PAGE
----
A mother comforting her son

blog

May 29, 2012

Helping Kids Cope with the Effects of Violence and Trauma

by Lisa H. Jaycox

Continuing our efforts to support awareness of mental health issues during National Mental Health Month, we turn to how violence and trauma affect children. The impact of violence and trauma on children has led RAND and its partners to focus not only on studying the problem, but working collaboratively to find interventions that help address a significant public health need. Indeed, children's exposure to violence is a significant health issue in the United States. Between 20 percent and 50 percent of children every year are touched by violence, either as victims or, even more commonly, as witnesses. Even more are exposed to natural disasters, accidents, or the traumatic loss of a loved one. The emotional impact may be profound. Children exposed to violence frequently develop post-traumatic stress symptoms. They are more likely to have behavioral problems, poorer school performance, more days of school absence, and feelings of depression and anxiety. Violence affects all racial, ethnic, and economic groups, but its burden falls disproportionately on poor and minority children—the same children whose mental health needs are least likely to be met by the health care system.

School settings can be a promising setting for addressing this gap in the mental health care system. Therefore, a team of clinician-researchers from RAND and several other institutions in the Los Angeles area (UCLA, Los Angeles Unified School District, and USC) collaborated to develop, implement, and evaluate a school-based program designed to help children traumatized by violence.

The program, known as the Cognitive-Behavioral Intervention for Trauma in Schools (CBITS), has proven to be an effective intervention in reducing symptoms of post-traumatic stress and depression in students exposed to violence. Children who completed the program showed evidence of feeling less anxiety and stress and performing better in school. Delivered by school mental health clinicians, the program produced consistent results that persisted over time. The program was also well accepted by students, parents, and teachers. Later, a version of CBITS known as the Support for Students Exposed to Trauma (or SSET) was developed so that it could be delivered to students by regular school staff with no mental health training.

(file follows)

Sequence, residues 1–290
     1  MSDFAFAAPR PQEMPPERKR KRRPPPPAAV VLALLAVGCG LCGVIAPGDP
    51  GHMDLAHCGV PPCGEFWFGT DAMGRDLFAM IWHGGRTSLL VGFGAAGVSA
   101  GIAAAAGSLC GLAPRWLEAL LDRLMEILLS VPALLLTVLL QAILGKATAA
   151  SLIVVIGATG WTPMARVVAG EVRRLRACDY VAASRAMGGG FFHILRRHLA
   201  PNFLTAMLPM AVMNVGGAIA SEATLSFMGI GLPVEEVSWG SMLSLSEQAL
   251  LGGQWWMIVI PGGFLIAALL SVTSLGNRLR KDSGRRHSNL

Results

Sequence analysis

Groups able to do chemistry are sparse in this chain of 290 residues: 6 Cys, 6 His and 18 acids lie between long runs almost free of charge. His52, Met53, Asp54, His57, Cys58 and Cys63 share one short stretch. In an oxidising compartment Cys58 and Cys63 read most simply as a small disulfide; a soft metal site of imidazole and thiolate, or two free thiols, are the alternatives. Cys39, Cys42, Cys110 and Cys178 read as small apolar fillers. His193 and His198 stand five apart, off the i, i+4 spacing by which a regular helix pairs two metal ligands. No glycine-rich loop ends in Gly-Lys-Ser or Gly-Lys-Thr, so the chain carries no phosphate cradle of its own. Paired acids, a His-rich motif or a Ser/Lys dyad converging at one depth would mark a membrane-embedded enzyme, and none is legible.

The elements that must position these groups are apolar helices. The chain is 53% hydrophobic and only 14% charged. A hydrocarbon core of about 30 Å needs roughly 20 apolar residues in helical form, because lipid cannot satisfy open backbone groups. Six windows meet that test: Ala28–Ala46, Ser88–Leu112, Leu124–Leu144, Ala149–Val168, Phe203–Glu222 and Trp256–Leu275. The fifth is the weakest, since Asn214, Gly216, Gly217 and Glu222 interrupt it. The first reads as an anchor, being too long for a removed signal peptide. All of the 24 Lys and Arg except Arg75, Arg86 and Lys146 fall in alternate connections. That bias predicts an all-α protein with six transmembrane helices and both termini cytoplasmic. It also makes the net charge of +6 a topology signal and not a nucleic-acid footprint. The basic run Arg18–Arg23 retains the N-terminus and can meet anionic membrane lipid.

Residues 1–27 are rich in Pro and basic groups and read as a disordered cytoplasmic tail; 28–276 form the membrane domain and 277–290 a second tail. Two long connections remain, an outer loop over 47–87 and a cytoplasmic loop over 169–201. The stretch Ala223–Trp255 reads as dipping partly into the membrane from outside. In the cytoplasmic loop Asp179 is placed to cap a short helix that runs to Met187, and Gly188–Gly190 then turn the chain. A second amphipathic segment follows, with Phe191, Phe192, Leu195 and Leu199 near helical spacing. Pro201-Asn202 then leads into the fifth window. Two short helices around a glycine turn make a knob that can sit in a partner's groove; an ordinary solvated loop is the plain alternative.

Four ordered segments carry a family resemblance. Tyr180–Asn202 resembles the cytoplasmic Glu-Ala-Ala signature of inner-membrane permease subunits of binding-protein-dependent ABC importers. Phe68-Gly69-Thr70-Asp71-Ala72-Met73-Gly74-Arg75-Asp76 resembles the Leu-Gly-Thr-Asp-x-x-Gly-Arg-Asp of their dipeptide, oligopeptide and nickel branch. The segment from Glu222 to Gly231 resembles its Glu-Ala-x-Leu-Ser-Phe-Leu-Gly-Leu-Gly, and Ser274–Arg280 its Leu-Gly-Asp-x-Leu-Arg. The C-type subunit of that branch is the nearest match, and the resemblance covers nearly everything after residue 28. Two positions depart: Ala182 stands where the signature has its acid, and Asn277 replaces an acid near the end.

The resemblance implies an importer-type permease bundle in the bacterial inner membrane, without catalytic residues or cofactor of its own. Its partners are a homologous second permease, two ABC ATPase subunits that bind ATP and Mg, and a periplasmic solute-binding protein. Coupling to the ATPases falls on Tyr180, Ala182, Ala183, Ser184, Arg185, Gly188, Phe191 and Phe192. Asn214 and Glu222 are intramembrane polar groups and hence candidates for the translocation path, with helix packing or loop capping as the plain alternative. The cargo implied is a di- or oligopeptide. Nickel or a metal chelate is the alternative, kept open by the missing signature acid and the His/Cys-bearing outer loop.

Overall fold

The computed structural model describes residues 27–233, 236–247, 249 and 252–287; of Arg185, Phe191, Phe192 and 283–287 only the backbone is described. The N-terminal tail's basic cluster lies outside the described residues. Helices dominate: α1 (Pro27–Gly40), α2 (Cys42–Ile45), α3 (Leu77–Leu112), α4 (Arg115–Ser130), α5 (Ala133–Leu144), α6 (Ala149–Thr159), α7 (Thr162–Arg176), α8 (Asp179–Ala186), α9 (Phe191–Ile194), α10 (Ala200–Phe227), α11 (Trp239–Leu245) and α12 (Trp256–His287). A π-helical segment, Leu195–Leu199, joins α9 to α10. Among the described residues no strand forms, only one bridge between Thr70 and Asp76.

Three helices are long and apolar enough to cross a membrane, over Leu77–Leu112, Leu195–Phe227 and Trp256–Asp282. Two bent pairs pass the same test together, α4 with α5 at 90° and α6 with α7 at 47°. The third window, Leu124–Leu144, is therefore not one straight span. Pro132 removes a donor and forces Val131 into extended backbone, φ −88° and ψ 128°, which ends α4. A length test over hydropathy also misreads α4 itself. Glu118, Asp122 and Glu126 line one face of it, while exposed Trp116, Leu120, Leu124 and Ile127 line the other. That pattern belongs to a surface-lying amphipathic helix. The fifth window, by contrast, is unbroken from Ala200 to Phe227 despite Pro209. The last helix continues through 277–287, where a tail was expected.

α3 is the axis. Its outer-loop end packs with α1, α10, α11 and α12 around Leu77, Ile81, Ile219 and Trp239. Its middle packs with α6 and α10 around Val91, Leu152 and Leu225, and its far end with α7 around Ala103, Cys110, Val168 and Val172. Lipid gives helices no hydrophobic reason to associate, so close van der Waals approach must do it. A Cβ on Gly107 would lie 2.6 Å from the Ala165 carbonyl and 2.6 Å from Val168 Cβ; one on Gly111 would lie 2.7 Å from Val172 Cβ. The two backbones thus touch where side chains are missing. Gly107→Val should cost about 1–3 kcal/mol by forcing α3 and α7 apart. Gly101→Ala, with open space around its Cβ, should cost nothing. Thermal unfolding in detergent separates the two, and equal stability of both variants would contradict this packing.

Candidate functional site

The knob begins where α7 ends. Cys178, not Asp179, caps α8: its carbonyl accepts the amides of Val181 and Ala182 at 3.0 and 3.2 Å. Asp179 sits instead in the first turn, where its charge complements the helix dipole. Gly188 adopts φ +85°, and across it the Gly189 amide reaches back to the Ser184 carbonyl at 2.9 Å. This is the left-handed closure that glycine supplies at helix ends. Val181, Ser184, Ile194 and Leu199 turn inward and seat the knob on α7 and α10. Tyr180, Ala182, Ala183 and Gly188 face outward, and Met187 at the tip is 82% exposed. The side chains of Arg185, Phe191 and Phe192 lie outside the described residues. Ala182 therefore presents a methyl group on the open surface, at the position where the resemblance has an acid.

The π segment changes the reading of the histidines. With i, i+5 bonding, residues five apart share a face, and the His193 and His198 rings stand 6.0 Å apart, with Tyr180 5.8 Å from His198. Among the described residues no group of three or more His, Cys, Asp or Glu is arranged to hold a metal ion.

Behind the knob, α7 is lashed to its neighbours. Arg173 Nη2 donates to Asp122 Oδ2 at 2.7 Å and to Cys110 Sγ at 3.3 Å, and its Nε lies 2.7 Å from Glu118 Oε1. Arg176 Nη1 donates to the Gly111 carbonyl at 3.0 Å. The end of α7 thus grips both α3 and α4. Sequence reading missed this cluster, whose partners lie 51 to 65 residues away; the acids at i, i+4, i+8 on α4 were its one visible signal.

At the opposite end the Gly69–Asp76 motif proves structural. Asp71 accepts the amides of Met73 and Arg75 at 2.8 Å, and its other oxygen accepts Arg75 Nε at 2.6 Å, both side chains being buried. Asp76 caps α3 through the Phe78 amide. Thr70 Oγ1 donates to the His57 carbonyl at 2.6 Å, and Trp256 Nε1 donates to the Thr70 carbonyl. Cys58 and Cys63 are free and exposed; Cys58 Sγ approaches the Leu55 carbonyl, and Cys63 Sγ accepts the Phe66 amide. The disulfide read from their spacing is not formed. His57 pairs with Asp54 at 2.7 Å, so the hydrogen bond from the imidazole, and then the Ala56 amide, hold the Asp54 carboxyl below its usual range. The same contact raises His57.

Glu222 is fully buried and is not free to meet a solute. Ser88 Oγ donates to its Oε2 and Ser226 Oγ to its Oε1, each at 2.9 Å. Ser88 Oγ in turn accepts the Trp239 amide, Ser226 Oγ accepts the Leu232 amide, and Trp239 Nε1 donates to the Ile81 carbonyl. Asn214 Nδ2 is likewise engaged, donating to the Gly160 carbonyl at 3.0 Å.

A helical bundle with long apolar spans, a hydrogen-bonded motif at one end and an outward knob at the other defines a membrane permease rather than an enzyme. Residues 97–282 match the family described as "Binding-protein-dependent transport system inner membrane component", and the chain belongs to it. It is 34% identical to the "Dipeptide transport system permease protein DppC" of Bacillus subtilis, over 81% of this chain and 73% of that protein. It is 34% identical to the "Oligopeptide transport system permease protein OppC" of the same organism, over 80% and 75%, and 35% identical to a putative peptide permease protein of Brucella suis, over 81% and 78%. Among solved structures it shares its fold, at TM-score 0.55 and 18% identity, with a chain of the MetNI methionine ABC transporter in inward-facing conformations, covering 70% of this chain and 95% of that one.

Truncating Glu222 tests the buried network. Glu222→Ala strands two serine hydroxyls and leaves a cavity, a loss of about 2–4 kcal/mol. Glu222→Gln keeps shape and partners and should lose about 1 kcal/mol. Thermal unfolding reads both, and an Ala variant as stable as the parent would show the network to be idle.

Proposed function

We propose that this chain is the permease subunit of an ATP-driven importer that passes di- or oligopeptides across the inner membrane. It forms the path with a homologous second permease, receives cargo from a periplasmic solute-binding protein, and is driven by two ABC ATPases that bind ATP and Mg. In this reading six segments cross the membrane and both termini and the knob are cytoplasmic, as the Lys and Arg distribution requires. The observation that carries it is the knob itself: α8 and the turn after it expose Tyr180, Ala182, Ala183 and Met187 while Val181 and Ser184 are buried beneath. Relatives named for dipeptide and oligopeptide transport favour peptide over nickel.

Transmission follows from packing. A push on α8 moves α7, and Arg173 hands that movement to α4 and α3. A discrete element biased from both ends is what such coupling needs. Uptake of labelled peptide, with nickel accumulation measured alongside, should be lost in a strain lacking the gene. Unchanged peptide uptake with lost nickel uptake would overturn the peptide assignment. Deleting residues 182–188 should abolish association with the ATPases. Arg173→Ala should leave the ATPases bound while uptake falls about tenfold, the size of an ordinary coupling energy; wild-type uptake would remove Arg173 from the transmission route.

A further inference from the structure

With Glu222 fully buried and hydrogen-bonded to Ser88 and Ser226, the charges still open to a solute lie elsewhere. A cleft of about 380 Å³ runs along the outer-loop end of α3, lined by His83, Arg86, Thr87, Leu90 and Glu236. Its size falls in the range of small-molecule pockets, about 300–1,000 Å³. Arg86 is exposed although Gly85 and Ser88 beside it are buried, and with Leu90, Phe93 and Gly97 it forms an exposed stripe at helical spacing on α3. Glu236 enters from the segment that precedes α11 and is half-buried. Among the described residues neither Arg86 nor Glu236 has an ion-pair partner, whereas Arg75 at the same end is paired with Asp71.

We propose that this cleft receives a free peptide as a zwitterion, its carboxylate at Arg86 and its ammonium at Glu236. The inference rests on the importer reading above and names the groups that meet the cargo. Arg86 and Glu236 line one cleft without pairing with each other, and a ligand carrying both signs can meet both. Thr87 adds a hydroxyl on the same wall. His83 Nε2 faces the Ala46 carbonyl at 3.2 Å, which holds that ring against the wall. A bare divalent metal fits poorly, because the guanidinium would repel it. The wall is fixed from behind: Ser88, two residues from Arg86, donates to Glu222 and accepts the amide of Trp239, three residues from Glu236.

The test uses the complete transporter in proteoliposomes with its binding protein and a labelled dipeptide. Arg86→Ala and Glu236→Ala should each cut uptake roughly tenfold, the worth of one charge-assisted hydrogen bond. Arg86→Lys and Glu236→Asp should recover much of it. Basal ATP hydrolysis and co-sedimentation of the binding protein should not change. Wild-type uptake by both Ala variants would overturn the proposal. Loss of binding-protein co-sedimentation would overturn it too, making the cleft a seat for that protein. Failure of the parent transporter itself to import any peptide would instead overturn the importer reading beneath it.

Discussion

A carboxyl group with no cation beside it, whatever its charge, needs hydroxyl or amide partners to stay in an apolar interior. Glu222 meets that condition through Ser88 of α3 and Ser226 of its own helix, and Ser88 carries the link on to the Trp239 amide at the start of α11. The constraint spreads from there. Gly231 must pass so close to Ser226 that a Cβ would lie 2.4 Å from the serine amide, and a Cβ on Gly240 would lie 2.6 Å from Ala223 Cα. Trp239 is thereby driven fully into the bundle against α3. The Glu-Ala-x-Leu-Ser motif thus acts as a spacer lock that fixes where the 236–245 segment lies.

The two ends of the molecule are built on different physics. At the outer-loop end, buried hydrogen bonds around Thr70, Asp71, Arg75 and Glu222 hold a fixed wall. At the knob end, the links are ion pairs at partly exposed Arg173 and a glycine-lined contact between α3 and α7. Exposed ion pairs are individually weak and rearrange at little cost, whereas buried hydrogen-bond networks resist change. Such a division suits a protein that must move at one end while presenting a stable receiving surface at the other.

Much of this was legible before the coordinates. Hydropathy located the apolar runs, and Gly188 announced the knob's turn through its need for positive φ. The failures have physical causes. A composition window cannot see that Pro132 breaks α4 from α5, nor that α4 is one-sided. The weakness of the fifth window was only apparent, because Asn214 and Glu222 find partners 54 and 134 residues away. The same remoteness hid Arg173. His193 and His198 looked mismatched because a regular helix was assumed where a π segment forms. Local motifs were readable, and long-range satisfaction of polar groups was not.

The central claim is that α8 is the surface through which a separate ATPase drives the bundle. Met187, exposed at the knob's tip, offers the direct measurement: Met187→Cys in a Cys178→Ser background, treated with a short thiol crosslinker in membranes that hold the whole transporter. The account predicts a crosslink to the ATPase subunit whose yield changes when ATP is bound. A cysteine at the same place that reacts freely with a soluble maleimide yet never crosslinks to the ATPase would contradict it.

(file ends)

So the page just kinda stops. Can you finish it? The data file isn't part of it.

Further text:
Following the initial successful trials in the Los Angeles area, CBITS and SSET have been implemented widely across the United States and abroad. A new website that provides free online training and support for mental health professionals to deliver CBITS is now accessible to the public.

Given the risk to children's health and well-being from CEV, there is a real need for effective prevention and intervention programs. But, despite some progress in identifying evidence-based models and practices, programs to date are limited in their reach (e.g., are limited to particular age ranges, settings, or symptoms), and few have been well tested in community settings. Demonstration projects have rarely moved beyond the description phase and into rigorous test interventions and impact evaluations. This means that community practitioners have little research to draw on when attempting to address the needs of the trauma-exposed families with whom they work.

RAND conducted the national evaluation of Safe Start Promising Approaches (SSPA), an initiative that involved 15 sites implementing promising and evidence-based interventions, delivered in community settings, intended to help children cope children's exposure to violence—to identify how well such programs work in reducing and preventing CEV's harmful effects. Overall, because of both methodological and programmatic issues, the outcomes evaluation revealed many inconclusive findings about the impact of interventions on child-level outcomes. However, the SSPA process evaluation identified many successes among the individual programs in implementing program goals, including developing procedures for increased CEV identification, improving communication and coordination among service providers, and establishing new inter-agency and community-wide partnerships to address service gaps for children and their families. These improvements have value in their own right and should be considered part of the legacy of the Safe Start Initiative.